To see hundreds of my fellow Jews demonstrating outside parliament against Labour’s failure to purge anti-Semitism from its ranks was extraordinary - in a proper use of that over-used epithet.
The idea that the Jewish community would feel the need to make such a public display of criticism of any of this country’s great historic parties was something I never expected to witness in my lifetime.
My late dad was just one of many Jews out of London’s east end who either found a home in Labour - in his case - or in the Tory party (it is possible to find scriptural and cultural support for both political creeds).
And to be frank, in my lifetime I would have argued there was more prejudice and snobbery in the Tory party against Jews, at least till the advent of Thatcher.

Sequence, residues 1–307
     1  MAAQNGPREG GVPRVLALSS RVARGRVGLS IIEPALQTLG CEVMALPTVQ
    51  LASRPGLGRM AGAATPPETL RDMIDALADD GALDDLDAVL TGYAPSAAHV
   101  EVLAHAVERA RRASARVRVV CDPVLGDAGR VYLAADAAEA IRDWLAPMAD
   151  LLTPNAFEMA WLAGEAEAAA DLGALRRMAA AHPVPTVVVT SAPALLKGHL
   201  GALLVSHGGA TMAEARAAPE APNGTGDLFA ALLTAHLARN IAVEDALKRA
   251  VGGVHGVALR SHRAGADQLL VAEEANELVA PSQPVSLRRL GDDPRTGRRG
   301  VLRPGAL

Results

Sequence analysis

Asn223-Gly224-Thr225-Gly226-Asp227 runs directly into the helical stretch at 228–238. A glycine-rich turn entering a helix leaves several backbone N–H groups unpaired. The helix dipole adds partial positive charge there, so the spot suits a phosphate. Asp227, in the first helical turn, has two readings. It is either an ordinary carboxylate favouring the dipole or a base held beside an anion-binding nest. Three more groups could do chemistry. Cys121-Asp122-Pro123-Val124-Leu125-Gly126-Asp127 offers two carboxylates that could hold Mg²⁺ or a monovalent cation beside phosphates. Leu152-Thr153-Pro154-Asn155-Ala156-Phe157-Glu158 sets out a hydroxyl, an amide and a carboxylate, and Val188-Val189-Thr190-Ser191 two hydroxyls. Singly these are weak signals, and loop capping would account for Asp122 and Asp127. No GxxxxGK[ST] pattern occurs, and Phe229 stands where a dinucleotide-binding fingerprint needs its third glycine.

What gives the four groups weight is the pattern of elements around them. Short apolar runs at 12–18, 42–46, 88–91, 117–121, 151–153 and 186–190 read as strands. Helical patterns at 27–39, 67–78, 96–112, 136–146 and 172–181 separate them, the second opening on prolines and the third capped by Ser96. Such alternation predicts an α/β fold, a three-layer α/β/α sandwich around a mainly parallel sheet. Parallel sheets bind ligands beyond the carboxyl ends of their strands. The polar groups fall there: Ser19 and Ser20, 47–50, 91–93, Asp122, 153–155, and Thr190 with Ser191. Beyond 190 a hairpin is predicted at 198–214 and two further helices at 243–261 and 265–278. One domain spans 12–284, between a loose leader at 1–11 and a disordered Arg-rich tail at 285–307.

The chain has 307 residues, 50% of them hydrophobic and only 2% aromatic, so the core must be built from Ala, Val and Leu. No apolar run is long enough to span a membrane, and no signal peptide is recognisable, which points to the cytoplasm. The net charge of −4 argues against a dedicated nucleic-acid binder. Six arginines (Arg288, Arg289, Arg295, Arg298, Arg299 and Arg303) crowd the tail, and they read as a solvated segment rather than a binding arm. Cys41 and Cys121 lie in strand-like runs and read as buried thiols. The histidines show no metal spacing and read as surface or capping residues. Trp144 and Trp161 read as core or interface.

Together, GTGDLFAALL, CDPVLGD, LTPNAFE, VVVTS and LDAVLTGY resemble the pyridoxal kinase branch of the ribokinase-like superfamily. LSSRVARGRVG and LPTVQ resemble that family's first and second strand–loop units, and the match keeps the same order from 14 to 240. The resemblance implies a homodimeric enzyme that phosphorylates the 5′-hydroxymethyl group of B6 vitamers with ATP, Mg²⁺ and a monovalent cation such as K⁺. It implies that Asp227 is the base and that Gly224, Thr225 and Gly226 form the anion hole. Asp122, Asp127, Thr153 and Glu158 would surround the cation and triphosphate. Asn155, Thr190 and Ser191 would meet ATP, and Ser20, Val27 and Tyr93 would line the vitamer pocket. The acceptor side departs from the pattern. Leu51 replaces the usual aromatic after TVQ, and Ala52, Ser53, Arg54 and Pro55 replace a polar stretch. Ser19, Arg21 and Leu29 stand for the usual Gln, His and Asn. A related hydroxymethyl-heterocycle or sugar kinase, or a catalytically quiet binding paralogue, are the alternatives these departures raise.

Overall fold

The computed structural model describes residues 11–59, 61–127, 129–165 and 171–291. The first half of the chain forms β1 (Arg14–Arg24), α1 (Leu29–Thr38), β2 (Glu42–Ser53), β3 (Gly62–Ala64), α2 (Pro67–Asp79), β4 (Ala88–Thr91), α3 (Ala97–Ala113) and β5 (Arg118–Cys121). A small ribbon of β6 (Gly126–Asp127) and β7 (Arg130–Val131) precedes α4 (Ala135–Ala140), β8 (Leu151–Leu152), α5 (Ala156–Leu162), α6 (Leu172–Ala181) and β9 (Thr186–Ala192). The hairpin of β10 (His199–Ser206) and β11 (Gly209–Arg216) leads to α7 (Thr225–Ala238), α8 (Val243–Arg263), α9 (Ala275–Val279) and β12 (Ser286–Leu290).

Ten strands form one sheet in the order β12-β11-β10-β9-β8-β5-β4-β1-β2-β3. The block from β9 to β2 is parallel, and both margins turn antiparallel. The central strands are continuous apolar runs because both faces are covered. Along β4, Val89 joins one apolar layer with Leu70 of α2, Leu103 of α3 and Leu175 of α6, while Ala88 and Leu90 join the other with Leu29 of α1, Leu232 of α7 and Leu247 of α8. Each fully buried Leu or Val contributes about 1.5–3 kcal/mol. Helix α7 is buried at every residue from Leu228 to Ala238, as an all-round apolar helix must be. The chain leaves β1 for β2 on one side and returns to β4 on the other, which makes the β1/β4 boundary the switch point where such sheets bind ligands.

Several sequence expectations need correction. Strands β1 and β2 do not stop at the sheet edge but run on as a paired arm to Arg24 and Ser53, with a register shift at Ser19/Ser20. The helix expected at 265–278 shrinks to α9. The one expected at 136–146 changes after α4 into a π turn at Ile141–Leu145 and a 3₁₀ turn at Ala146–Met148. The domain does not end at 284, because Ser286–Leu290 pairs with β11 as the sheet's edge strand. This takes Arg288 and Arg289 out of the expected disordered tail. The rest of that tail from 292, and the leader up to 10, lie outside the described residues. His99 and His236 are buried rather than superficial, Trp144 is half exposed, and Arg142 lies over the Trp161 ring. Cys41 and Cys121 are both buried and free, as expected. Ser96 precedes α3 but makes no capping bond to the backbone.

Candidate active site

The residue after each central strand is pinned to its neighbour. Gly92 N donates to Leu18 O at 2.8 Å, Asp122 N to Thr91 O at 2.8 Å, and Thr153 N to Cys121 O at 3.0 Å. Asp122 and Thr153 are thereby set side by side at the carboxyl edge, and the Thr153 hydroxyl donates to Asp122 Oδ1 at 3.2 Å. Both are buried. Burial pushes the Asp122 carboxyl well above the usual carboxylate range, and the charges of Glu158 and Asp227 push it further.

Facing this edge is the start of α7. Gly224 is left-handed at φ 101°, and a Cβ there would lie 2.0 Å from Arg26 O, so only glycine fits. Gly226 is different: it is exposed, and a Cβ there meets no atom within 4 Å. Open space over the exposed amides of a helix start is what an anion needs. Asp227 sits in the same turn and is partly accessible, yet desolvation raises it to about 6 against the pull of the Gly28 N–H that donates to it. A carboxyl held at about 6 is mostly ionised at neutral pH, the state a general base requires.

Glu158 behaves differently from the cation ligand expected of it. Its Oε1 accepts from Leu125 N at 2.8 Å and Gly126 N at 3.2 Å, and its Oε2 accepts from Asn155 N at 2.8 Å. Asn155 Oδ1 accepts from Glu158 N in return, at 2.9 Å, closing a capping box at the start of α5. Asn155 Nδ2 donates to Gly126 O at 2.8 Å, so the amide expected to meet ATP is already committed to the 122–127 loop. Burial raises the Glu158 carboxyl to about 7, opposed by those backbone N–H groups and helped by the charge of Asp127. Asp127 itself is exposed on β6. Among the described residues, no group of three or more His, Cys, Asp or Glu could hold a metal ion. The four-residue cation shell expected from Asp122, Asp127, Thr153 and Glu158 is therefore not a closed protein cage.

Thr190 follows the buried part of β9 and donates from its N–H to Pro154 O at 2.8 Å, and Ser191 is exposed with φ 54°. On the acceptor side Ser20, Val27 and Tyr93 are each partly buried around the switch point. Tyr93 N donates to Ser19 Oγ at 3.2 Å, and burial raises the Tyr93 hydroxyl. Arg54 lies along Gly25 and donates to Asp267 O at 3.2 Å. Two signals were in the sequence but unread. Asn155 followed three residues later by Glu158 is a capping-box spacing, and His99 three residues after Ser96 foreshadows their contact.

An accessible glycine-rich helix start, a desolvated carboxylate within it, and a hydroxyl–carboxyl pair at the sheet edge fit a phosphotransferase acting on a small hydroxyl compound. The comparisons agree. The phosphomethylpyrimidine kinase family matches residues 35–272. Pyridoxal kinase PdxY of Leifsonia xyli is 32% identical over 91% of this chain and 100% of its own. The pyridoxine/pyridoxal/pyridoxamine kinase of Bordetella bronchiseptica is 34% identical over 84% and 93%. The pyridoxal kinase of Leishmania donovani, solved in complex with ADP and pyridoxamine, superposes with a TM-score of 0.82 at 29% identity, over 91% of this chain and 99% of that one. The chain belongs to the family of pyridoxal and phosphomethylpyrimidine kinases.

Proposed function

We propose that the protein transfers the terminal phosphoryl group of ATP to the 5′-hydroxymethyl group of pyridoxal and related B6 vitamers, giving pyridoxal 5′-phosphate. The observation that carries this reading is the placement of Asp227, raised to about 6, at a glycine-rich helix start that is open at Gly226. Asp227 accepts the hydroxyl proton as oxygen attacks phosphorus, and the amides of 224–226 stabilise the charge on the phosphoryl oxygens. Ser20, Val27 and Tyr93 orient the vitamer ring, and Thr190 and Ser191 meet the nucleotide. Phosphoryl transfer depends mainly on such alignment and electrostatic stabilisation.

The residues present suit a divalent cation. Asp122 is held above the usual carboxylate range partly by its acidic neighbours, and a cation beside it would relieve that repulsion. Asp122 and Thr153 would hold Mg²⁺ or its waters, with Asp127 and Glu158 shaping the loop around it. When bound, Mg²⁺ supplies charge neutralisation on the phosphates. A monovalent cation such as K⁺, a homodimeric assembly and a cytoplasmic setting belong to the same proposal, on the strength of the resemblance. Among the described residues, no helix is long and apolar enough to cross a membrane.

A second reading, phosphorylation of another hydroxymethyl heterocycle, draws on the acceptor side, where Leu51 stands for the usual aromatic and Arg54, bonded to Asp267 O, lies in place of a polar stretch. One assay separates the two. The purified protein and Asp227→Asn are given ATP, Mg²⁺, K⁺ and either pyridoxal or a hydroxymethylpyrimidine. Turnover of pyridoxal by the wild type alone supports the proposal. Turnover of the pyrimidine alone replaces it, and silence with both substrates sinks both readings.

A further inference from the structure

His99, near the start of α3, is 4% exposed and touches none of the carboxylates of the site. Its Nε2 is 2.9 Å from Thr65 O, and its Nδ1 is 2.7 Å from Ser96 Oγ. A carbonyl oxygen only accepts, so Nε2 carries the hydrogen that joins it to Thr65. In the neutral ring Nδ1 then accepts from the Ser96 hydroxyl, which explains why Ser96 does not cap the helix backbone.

Now, for those of you assuming today’s rally was some kind of Tory conspiracy, well that is a convenient fiction.
There were plenty of Labour MPs in the crowd showing solidarity with the protesters - and it would be smug, complacent and pernicious to write them off as the usual Corbyn critics (though some like Umunna, Creasy and Kendall are famously not fans of his).
As one member of Jeremy Corbyn’s frontbench team said to me, the party has made a grotesque ethical error in not eradicating the cancer of anti-Jewish propaganda masquerading as legitimate criticism of the Israeli government.
Corbyn wrote to Jewish groups today that he will no longer tolerate old-fashioned anti-banker leftie anti-Semitism or more modern anti-Israel anti-Semitism.
But they’ve heard such promises before.
And they perhaps legitimately ask whether this time his words will - at last - be the equivalent of Mosaic law.